The Greeks Kepler and the Five Elements

The Greeks saw great significance in the existence of just 5 Platonic solids and they related them to the 4 ELEMENTS (fire, earth, air and water) that they thought everything was made from. Together with the UNIVERSE, they associated each with a particular solid.

The astronomer and mathematician, Kepler (1571-1630), shown here as a link to the History of Mathematics web site at St Andrews University, Scotland, justified this as follows:

Of the 5 solids, the tetrahedronhas the smallest volume for its surface area and the icosahedronthe largest; they therefore show the properties of drynessand wetnessrespectively and so correspond to FIRE and WATER.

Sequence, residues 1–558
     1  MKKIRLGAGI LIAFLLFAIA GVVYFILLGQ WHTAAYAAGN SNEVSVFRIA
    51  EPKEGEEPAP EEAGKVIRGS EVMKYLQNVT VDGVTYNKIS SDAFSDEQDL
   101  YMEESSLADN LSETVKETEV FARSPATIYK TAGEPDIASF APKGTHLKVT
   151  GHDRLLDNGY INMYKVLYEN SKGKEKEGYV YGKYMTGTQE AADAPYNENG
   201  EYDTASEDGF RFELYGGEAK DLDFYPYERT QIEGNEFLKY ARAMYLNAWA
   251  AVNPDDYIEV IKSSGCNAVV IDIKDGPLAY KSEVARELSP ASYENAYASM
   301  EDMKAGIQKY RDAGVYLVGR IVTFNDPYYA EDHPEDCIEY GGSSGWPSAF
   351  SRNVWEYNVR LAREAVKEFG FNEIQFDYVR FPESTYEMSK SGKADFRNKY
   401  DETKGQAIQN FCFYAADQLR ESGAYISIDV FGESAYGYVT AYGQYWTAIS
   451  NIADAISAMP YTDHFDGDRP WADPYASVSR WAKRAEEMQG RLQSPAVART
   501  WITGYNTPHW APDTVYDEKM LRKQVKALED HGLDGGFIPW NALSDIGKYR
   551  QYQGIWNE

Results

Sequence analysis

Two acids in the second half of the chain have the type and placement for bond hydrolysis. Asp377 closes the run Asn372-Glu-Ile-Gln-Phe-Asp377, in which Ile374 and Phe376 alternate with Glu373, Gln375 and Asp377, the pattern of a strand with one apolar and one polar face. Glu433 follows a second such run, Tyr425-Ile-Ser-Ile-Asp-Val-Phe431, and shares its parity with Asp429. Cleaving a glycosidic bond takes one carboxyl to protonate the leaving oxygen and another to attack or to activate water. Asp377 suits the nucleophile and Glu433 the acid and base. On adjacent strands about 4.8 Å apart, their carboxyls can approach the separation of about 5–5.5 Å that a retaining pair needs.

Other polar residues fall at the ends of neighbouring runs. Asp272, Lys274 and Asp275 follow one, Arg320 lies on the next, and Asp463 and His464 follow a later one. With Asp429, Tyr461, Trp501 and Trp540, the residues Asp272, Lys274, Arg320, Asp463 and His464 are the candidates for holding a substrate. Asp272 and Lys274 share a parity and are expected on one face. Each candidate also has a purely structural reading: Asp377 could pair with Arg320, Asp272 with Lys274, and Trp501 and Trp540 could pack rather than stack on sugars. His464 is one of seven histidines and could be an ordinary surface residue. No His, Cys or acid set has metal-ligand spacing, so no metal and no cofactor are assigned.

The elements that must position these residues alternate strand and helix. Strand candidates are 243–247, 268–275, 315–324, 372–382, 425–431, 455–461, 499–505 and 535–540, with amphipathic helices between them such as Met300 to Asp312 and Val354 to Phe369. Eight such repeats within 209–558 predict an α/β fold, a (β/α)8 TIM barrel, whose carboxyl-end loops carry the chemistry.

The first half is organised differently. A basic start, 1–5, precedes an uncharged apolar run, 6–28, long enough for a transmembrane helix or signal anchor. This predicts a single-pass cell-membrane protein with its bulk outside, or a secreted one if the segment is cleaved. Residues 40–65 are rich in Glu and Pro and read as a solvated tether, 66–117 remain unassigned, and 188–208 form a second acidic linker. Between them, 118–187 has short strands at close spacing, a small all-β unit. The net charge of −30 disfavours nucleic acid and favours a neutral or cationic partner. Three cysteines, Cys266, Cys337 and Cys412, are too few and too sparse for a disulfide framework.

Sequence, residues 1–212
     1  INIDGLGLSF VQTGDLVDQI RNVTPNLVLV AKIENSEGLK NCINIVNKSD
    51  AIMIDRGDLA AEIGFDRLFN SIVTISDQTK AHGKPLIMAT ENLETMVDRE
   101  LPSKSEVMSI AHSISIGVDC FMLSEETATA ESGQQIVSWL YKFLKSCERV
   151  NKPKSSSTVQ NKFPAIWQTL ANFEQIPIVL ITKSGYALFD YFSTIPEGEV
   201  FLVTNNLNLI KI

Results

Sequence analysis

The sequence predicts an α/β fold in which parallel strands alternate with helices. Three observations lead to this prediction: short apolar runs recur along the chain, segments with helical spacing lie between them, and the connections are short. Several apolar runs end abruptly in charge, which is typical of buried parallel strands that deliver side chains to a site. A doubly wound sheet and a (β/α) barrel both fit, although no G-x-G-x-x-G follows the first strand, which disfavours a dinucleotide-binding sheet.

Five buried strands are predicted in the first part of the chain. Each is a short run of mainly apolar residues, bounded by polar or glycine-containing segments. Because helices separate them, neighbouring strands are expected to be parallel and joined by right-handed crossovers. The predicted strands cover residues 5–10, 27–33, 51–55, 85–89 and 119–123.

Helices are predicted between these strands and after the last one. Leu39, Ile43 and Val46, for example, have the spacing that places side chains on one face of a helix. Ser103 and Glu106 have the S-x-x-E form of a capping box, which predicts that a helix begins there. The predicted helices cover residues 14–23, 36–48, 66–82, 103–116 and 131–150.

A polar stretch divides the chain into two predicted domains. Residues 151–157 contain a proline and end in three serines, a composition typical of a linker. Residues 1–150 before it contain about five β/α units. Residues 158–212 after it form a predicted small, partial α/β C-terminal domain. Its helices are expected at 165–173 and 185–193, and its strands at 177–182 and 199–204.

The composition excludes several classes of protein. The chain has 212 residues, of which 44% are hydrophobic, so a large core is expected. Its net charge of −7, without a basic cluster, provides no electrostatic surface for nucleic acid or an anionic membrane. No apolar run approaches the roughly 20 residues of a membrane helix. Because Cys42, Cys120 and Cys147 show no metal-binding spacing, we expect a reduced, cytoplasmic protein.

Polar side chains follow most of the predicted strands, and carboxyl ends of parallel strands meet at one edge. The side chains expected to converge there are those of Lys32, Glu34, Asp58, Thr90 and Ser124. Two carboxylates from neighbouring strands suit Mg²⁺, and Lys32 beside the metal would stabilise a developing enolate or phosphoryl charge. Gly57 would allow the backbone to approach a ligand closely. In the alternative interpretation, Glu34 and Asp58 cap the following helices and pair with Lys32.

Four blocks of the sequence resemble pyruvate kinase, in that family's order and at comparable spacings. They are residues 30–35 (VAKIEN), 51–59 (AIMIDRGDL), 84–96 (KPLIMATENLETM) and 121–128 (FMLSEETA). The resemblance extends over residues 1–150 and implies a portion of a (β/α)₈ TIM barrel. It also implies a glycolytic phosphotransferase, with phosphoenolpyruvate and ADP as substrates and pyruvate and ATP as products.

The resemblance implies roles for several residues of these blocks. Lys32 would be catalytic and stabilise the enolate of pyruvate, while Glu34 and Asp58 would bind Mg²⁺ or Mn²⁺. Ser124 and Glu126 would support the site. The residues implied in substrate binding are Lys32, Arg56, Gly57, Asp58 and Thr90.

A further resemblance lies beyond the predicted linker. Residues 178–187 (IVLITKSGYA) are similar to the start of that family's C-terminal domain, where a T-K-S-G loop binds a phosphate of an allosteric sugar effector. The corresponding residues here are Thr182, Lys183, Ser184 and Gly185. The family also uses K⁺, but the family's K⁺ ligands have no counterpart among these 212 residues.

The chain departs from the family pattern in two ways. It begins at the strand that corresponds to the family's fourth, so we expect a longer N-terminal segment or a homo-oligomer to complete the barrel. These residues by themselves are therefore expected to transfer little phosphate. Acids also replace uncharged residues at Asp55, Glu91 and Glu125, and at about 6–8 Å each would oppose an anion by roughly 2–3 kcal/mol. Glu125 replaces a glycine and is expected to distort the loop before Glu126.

The cube, standing firmly on its base, corresponds to the stable EARTH but the octahedronwhich rotates freely when held by two opposite vertices, corresponds to the mobile AIR. The dodecahedroncorresponds to the UNIVERSE because the zodiac has 12 signs (the constellations of stars that the sun passes through in the course of one year) corresponding to the 12 faces of the dodecahedron.

Kepler called the golden section "the division of a line into extreme and mean ratio", as did the Greeks. He wrote the following about it:

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